POISON: “We don’t make art, we make hamburgers!” (1988)

Published on August 20th, 2016

LAST year their debut album, Look What The Cat Dragged In, became the 13th biggest-selling LP in the States. This year they followed that enormous success with another mega-seller, Open Up and Say Ahh! And they ain’t stopping there …

Screen Shot 2016-08-20 at 11.16.34 PMWhen most parents walk into their Metal-crazy kid’s room, plastered with posters of Poison, their first statement will be something like: “Those guys look something the cat dragged in!” and that’s exactly what these four young American rock ‘n’ rollers want. Shock impact is their style and outraging parents is one of their favourite pastimes. Covered in more make-up than Joan Collins has seen in her entire life – “It takes a real wear make-up,” says drummer Ricky – Poison delight in giving the said American music scene an injection of suggestive lyrics and some wild guitar breaks.

Their debut album titled surprise, surprise – Look What The Cat Dragged In, was designed as a springboard for the band, which plans on being around for quite a while. Little were they (or their harsh critics) to know that this first record would cut straight into the U.S. market and become the 13th biggest seller in America in 1987! Suddenly singer Bret Michaels, guitarist C.C. De Ville, drummer Rikki Rocket and bassist Bobby Dall were no longer the boys from the bush – they had a special quality and they were hot.

Their formula of keeping things simple, writing as a team and not giving a damn what people think of them took “What The Cat Dragged In”, recorded in only 12 days, to almost triple platinum.

“Our music is basically about everyday life,” says Rikki, “because everyday life is damn important.”

The beginnings of Poison are less than spectacular. Rikki and Bret first met in their hometown of Mechanicsburg, Pennsylvania. They formed a so-s0 band called Spectras and the best gig they could get were bars and roller rinks. More than a little disenchanted with that scene they grabbed Bobby and packed their bags for the bright lights of Los Angeles. That was the five years ago. Once there, the only thing they lacked was an axeman, so they placed an ad in a local rag and after weeding through the list of hopefuls they came up with two names – Cecil Cornelius De Ville and Slash. They chose C.C. and Slash went on to join Guns N’ Roses.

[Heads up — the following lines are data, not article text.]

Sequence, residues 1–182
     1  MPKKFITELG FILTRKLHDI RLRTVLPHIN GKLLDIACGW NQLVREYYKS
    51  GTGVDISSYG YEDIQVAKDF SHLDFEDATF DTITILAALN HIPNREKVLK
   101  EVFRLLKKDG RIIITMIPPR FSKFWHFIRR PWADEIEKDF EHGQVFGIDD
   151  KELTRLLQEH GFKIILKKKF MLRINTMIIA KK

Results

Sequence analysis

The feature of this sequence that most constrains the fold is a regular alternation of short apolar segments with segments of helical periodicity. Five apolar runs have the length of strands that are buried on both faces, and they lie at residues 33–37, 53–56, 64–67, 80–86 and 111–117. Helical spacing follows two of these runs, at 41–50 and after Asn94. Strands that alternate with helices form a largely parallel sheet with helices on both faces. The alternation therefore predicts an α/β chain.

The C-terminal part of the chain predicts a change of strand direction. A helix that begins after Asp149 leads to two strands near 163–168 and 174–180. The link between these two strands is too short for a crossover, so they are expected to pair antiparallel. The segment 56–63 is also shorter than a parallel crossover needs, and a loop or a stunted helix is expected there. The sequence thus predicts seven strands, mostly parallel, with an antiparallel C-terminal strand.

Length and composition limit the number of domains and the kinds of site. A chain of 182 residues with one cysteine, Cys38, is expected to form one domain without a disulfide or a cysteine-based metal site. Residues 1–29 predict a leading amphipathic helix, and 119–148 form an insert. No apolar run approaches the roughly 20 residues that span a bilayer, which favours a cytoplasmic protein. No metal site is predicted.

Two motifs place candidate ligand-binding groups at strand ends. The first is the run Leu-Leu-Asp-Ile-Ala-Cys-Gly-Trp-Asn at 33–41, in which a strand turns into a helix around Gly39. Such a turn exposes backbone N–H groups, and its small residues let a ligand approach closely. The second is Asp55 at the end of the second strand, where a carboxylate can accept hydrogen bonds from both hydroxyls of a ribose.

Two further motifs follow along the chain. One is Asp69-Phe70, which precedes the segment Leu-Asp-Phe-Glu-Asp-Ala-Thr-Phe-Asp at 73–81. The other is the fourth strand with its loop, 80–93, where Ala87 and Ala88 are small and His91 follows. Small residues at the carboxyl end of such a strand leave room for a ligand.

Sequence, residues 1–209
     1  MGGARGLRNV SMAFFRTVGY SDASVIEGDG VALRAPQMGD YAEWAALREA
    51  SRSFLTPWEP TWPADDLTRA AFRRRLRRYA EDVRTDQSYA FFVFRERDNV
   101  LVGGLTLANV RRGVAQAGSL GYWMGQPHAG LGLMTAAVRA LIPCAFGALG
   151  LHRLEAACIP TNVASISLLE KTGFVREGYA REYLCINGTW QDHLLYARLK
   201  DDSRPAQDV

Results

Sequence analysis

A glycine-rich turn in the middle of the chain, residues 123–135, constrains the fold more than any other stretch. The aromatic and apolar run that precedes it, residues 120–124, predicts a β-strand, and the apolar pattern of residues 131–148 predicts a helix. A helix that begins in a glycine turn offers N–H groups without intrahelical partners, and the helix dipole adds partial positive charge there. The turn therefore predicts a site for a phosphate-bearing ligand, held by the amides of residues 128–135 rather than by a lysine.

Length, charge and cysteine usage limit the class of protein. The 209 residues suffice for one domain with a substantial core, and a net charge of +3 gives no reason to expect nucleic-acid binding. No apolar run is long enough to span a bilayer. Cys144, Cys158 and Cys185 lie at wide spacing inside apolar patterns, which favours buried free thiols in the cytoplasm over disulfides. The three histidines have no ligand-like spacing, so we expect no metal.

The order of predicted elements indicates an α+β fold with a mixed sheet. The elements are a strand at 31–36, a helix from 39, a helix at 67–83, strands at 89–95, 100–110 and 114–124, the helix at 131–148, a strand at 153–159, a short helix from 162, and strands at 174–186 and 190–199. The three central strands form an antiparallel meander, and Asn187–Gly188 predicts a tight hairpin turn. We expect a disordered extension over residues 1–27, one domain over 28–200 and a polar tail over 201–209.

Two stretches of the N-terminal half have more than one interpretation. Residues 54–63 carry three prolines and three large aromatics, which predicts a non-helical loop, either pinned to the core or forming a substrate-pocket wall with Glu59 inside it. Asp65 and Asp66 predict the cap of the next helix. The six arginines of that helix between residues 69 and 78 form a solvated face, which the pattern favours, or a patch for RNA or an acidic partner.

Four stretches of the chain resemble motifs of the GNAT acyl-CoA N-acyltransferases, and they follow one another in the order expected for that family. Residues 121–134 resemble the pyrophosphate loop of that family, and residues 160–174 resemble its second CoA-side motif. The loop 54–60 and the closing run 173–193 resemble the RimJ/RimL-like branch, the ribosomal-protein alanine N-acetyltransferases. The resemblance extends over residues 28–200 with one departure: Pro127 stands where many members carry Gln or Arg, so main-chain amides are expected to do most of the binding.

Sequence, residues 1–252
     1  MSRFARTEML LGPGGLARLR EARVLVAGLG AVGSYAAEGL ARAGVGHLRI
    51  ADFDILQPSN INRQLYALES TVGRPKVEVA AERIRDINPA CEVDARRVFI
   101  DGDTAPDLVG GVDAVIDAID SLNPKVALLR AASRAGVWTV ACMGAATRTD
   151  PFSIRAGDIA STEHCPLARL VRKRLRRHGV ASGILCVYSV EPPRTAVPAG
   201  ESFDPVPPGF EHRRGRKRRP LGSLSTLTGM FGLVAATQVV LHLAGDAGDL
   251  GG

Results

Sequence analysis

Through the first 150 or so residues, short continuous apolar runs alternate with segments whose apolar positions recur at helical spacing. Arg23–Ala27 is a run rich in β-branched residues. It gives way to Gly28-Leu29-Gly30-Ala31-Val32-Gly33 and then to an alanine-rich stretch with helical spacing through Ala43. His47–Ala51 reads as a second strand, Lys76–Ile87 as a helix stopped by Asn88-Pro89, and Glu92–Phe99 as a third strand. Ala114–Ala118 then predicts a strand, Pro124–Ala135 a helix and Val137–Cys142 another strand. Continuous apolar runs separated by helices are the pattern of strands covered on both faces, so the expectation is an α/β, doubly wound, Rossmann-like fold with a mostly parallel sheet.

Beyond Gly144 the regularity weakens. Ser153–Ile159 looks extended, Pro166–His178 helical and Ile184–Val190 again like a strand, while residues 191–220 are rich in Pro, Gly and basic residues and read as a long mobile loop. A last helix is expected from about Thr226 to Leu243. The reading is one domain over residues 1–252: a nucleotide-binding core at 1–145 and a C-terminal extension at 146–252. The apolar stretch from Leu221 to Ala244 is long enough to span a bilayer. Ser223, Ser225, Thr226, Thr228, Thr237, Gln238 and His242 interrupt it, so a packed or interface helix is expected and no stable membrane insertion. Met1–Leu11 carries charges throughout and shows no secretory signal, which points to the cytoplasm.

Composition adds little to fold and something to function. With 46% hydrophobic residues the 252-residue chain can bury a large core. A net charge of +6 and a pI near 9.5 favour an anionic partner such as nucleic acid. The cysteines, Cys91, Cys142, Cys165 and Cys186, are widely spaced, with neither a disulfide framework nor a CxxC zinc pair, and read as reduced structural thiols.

“We were the L.A. joke band,” recalls C.C. “We couldn’t get signed or management – even other bands didn’t like us. But we did not give up.

Soon Poison was attracting a following that is still growing. Even early on in their career the band knew the value of an over-the-top stage performance and to this day every show they play is guaranteed to be an event – after all, their shows are Poison.

“From day one we’ve had the most loyal fans in the world,” says Brett. They put us on the map, they voted us into office. They know that whenever they see us they’ll get honest entertainment.”

Having toured through the US with David Lee Roth, Poison were not keen on doing their own gigs until they knew they could sell out every show they put on. They were not in any hurry, although they knew a lot of people who saw them at the Lee Roth concerts were specifically there see Poison.

Poison are now headlining and are packing them into 40,000-seat stadiums without a seat to spare.

Screen Shot 2016-08-20 at 11.24.18 PMLook What The Cat Dragged In was like losing your virginity. It was your first sexual experience and you’ll never forget it – but hopefully it wasn’t your last,” says Bret of his aspirations for Open Up and Say Ahh!

To the uninitiated Poison are shocking, and many critics have commented that the band’s name is somewhat inappropriate. With their stage act and their makeup, Poison have been accused of hiding their bad music behind a facade of eye-liner and lipstick, so one day the band thought they’d tackle their knockers head-on. They walked on stage minus clothes except for a pair of modesty-saving underpants – from all accounts it was one of their best concerts to date.

If there ever was a band in history that everyone wanted to puck on, it was us,” says Bret. “But the fucking thing that kills me is that rock ‘n’ roll is meant to be fucking fun! Our optimism is pissing off a lot of people. It’s making a lot of people jealous that we’re happy doing this. They’re going to suffocate in their own hate, while they’re suffocating, I’m partying!”

Recently named one of America’s 10 sexiest men, Bret has achieved his reputation by exuding a “who cares?” – image something that women find very attractive.

We are a band that has an image for hell-raising and partying, and I reckon when you go backstage to meet your favourite band after a show it should be party and fun,” says Bret. “You know some people think if you go backstage after a concert you instantly fuck. That isn’t true, although with some of the girls we get backstage  I wish it was! We’ve got this room called ‘The Poison Pen’ and it’s a great place for us to host a party with our family and friends.” (continued below)

Poison’s Australian fans may not have had the opportunity to sample the delights of “The Poison Pen” yet, but they can consider themselves lucky in one respect – at least they haven’t experienced any censorship of their favourite band. In America some straight-laced noise makers have had the cover of Open Up And Say Ahh! banned because it features Bret sticking out an extra-long tongue. They may be able to censor the cover but they can’t stop the music.
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